Let the speculation finally end – we know what will power the next-generation 2016 Mazda MX-5 Miata, and it’s not turbocharged. The US model will get a SkyActiv 2.0-liter engine and six-speed manual, while models in the rest of the world have a 1.5-liter engine, confirming earlier rumors.
Unfortunately, Mazda isn’t letting loose how much power either of these mills make just yet. For sake of comparison, the current SkyActiv 2.0 in the Mazda3 produces 155 horsepower and 150 pound-feet of torque, and the 1.5-liter in the UK (and elsewhere) has about 99 hp and 110 lb-ft of twist. However, the current Miata produces 167 hp and 140 lb-ft.
But fret not droptop fans. The company’s brochure from the 2014 Paris Motor Show confirms, “all available drivetrains have been specially tuned for the all-new MX-5,” which at least hints at the possibility of more performance. Also, even if the numbers remain untouched, the new Miata should feel even more sporting on the open road. That’s because Mazda says the new model weighs in the neighborhood of 2,200 pounds; with that in mind, the 2016 car would boast around 14.19 pounds per horsepower versus 14.85 lb/hp in the present MX-5. Progress!
Mazda promises to end the anticipation and announce the actual outputs for these mills later.
2016 Mazda MX-5 Miata will rock 2.0L SkyActiv engine in US, 1.5L elsewhere originally appeared on Autoblog on Wed, 01 Oct 2014 17:01:00 EST. Please see our terms for use of feeds.
Brands like Porsche and Ferrari make a mint every year by selling branded lifestyle goods like shoes, hats and even wilder items. Bugatti takes things to the extremes with things like its $84,000 belt buckle. These products not only make their respective companies some extra money, but they reaffirm their high-end design aspirations to wealthy buyers. However, the next firm possibly dipping its toe into this upscale pool is a bit more mass-market – Mazda.
That’s right. The Japanese automaker best known among enthusiasts for its segment-defining Miata and rotary engines is considering its own line of luxury goods in the coming years called Mazda Design. The project is the brainchild of styling boss Ikuo Maeda, and according to Automotive News, he has backing from company CEO Masamichi Kogai. Although the green light isn’t quite on yet, Maeda is already brainstorming. “Not only furniture, but I’d like to build a Mazda Design brand. That’s my dream,” he said to Automotive News.
The possible project is just one aspect of Mazda’s move to become a near-premium brand. According to Automotive News, it wants to see higher transaction prices partially by offering more stylish design than its rivals. Launching a line of luxury goods is meant to communicate this new focus to customers.
The Mazda Design line was previewed with the Kodo Chair (pictured above) at last year’s Milan Design Week. Named after the brand’s current, swoopy styling language, the seat mixed metal and leather in a reclined position to conjure up something out of a futuristic racecar.
Still, the move could be a gamble. Bugatti, Porsche and Ferrari sell vehicles to a wealthy clientele for whom dropping a few grand on something frivolous doesn’t matter match. Mazda buyers might not have that luxury.
Mazda mulling furniture, designer goods in bid to command higher prices originally appeared on Autoblog on Wed, 01 Oct 2014 08:44:00 EST. Please see our terms for use of feeds.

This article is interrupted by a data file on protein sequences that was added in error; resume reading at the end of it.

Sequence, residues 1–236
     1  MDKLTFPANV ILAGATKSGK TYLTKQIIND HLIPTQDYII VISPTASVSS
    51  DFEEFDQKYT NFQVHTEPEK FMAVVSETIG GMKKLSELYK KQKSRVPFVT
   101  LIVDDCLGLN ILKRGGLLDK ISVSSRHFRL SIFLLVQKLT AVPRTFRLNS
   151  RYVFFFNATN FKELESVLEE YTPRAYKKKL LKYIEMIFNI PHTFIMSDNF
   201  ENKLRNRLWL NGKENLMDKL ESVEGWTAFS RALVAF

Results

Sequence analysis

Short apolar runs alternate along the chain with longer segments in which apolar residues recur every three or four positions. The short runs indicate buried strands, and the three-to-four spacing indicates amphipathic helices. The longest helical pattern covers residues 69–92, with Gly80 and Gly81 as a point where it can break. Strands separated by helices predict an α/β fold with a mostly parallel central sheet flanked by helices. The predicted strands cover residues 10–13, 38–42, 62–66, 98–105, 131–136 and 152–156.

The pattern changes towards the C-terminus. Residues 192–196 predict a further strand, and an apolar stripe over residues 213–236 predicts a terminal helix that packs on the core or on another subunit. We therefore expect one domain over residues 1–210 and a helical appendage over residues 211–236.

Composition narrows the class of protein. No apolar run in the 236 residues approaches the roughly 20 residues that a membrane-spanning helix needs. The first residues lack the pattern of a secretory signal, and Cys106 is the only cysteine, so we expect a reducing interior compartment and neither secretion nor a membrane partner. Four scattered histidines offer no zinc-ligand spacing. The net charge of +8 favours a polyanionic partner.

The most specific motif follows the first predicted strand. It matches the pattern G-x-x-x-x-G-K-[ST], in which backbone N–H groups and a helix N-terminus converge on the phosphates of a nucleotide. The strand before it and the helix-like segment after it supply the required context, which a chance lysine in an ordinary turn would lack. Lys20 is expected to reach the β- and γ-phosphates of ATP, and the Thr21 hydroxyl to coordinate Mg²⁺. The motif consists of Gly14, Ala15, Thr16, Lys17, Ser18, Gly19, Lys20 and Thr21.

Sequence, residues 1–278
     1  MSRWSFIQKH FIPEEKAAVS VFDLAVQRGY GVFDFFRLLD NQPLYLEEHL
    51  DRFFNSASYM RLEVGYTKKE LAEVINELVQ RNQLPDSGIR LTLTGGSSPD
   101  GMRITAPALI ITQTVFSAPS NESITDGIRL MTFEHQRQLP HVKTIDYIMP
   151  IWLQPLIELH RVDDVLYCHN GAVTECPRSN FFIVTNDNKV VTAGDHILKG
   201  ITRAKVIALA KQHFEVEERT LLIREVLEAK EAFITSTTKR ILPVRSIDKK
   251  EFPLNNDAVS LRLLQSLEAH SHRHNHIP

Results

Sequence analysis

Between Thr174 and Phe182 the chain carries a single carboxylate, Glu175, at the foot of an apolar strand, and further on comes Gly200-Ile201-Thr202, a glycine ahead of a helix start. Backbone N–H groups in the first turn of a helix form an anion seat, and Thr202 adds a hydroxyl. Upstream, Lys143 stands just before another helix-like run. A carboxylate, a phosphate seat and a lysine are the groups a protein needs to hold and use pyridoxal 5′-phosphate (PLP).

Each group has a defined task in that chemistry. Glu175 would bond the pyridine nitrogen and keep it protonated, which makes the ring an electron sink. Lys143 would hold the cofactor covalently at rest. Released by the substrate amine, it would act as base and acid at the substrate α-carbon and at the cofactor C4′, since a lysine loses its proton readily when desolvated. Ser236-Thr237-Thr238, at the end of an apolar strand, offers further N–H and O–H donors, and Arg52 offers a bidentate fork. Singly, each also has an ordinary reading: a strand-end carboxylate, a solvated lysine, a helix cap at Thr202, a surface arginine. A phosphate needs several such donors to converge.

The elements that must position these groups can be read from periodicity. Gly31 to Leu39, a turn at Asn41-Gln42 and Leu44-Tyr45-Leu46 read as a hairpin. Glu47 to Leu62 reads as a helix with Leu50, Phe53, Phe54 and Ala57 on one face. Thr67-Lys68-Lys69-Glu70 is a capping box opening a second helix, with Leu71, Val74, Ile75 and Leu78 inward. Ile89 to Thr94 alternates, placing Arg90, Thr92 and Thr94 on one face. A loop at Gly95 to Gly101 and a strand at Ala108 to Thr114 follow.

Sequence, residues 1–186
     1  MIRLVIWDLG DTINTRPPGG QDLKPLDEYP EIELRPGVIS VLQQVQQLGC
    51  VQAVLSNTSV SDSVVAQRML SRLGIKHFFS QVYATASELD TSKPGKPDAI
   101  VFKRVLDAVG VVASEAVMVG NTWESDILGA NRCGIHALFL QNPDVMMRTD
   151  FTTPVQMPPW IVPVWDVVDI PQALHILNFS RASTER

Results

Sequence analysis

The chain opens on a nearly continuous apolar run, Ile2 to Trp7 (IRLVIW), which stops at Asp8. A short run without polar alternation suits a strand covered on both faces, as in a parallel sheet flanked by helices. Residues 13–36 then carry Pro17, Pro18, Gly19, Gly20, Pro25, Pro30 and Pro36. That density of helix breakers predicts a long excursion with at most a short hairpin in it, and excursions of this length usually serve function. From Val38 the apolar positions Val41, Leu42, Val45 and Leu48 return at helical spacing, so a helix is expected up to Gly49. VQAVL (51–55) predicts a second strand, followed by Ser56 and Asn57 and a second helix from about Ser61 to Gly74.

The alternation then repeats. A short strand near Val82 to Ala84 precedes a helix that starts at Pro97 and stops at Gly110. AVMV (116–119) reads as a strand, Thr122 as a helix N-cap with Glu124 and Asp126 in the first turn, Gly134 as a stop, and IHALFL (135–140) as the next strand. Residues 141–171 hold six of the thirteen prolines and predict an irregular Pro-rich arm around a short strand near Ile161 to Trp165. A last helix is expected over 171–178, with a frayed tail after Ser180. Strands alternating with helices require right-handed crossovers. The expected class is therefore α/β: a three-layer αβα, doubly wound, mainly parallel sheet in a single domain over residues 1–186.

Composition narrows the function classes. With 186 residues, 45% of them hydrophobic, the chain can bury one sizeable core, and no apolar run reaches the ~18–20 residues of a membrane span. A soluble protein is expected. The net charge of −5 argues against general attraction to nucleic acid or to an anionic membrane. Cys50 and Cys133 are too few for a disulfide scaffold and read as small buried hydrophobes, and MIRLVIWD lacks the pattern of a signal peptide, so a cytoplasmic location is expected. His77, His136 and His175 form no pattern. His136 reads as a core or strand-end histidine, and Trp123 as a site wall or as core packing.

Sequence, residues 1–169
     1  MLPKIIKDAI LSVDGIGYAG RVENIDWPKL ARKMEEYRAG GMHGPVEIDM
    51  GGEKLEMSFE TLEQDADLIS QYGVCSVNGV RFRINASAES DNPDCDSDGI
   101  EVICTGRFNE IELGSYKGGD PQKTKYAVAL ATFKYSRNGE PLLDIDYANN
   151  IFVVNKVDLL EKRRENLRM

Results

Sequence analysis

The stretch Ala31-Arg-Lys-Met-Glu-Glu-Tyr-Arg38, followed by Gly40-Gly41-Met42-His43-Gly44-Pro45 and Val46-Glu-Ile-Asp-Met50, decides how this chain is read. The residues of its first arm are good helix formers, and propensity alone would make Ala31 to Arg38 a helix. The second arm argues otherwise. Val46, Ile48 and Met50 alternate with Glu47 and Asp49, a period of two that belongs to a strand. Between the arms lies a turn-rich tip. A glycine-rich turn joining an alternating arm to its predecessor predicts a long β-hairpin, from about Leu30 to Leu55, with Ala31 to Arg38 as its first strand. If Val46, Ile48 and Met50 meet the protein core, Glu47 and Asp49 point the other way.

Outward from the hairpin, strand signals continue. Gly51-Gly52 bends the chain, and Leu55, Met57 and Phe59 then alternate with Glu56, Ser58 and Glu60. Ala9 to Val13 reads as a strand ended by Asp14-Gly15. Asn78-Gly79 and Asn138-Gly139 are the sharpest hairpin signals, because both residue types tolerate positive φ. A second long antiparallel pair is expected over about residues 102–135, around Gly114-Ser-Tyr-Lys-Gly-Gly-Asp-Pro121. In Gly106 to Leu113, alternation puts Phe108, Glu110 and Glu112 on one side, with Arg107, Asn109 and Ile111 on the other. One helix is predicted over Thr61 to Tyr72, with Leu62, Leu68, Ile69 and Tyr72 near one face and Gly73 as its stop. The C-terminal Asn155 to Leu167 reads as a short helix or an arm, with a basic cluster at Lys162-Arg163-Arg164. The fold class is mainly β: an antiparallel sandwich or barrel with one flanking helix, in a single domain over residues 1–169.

People tend to get very set in their ways when it comes to the pronunciation of words. Just look at the endless debates over whether or not to say the final ‘e’ in Porsche (which you should in terms of correct German enunciation). Or the argument about whether to follow the British convention and give the ‘u’ in Jaguar a special delivery or to say the ‘ua’ diphthong as more of a ‘w’ sound, as usually happens in the US.
This short video doesn’t answer either of those automotive questions, but it does allow a native Japanese speaker to demonstrate the accepted pronunciations for several, major automakers from the country. One benefit is that it clears up the occasional debate over whether Nissan should be said with a long or short ‘i’ sound. Also, listen closely to how the female host says Mazda as Matsuda, the way it’s actually said in the language. Even if this doesn’t change the way you enunciate these brands, at least now you know the accurate way in Japanese.
Ever wonder how to really pronounce Japanese automaker names? originally appeared on Autoblog on Thu, 25 Sep 2014 20:01:00 EST. Please see our terms for use of feeds.
Earlier this month, our friends across the pond at Auto Express released the first in a two-video series that would see them try and build up a second-generation Mazda MX-5 Miata that could best a standard Porsche Boxster around the track. While that first video detailed the mods to the MX-5 – a supercharger, some suspension upgrades and a new set of super-sticky rubber being chief among them – and set baseline lap times for the stock car, today, we have the results of the 5,000-pound ($8,200) upgrade job.
Of course, we aren’t going to spoil those for you. You’ll need to watch the full video, which recaps the upgrades before digging into a comparison of both straight-line-speed differences between the 2.7-liter Porsche Boxster and blown Miata, as well as their behavior and lap times on the track.
Take a look and let us know what you think in Comments.
Modded budget Mazda Miata takes on new Porsche Boxster in more challenges originally appeared on Autoblog on Tue, 23 Sep 2014 20:01:00 EST. Please see our terms for use of feeds.